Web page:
## Saturday, September 25, 2010

### Stuxnet: making Bushehr a self-exploding joke?

In June 2010, a highly sophisticated Stuxnet worm began to spread through computer networks.

In the recent days, media began to amplify the hypothesis that this malware was created in a government-sponsored project targeting Iranian facilities - 60% of the infections are in Iran.

The virus is the first known malware designed to damage physical systems outside the computers - namely gadgets using SIEMENS corporate software that runs under Windows.

To have an idea about the sophistication: it uses four zero-day vulnerabilities (those that have been known to the creators of the buggy software at most for zero days), including bugs in printer queue software, the recent shortcut bug, and others. The Autorun.inf file that is being started from USB sticks etc. is constructed in such a way that it can be read as a text file with allowed commands - special characters are ignored - or as a malicious executable machine code, too. Sweet. ;-)

It also uses two working, genuine, stolen certificates to guarantee that the worm may spread between companies and a detailed knowledge of the control systems. The original processes of the control systems are replaced by new ones as soon as the return code from FC 1874 is DEADF007, a hexadecimal number that may also be read as "deadfoot" (the IP address is in Shandong, China). The code proves that James Bond is a part of the operation. He will try to disarm the attacked organizations peacefully but once the Agent 007 is killed, the attacked facilities will blow up - and I am only partially joking. ;-)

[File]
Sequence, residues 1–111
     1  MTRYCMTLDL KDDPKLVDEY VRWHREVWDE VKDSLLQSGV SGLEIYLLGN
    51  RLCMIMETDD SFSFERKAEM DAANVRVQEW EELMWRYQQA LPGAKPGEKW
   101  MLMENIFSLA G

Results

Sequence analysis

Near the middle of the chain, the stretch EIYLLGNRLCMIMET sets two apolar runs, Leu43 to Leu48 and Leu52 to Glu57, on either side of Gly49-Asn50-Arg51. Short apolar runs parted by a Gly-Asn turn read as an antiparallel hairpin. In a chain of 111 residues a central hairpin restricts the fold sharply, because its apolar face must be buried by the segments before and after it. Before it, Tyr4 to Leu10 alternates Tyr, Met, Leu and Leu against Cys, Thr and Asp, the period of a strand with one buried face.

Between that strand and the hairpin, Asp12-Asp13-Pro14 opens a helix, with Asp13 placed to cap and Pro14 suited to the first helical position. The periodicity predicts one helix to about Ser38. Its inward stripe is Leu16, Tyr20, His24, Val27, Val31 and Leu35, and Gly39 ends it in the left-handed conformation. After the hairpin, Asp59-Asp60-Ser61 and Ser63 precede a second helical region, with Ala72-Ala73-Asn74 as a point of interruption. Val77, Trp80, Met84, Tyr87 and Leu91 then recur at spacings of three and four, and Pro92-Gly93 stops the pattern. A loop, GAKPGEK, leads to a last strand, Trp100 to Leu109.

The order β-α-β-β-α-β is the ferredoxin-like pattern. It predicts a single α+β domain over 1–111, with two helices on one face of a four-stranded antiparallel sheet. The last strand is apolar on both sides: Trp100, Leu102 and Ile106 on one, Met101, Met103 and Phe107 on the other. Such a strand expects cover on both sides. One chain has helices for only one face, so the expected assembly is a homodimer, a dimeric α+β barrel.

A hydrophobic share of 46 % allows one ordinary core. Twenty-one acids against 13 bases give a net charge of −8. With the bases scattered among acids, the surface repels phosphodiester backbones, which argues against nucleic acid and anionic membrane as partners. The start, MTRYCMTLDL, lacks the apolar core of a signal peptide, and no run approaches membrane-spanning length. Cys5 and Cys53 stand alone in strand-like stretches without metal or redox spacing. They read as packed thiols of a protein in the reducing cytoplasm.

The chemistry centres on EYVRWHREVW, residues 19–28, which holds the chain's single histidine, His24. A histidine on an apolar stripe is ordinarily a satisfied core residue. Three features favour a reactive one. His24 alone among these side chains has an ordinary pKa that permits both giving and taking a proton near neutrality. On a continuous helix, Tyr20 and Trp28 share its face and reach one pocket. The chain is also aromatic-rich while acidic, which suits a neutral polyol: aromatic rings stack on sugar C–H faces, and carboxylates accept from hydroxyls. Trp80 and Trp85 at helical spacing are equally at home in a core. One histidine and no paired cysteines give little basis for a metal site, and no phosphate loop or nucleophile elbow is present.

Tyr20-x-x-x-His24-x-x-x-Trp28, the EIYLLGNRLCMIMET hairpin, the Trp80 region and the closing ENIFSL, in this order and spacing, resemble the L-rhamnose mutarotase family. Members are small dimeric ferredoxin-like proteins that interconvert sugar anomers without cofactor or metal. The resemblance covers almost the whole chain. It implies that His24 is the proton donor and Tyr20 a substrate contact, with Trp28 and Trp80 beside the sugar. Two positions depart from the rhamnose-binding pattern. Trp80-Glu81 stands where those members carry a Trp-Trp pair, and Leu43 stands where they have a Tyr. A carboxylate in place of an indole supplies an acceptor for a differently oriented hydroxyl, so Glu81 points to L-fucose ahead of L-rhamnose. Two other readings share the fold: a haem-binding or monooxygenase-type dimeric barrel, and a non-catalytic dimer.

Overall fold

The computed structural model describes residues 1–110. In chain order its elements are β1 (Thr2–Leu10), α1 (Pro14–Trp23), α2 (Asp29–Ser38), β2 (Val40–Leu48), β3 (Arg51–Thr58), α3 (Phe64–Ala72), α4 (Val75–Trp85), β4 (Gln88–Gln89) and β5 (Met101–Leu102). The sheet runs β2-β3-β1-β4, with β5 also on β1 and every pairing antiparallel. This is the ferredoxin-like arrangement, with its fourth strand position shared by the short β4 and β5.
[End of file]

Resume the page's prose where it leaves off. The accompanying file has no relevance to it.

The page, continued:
The friendly TRF readers in Iran are advised not to attend any activation ceremony for a nuclear power plant. We hope that Mahmoud and mullahs are generally not TRF readers. :-)

Some experts have estimated that a dozen of top security experts had to be working on the project for half a year; the estimated price for the contract to create the 500-kilobyte virus (coded both in C and C++) is $3 million, so a "country" is blamed, with Israel and the U.S. being the most frequently cited possible authors. Especially when you mention Israel, indeed, that's about what David would do against the Philistine giant, Goliath. ;-) Everyday life (and everyday afterlife) in the Bushehr province, 2008. Well,$3 million is a lot of money for an average teenage hacker - but there are lots of people in the world who can afford to pay it. To say the least, every country in the world could have paid for that - and lots of millionaires could have done the same thing.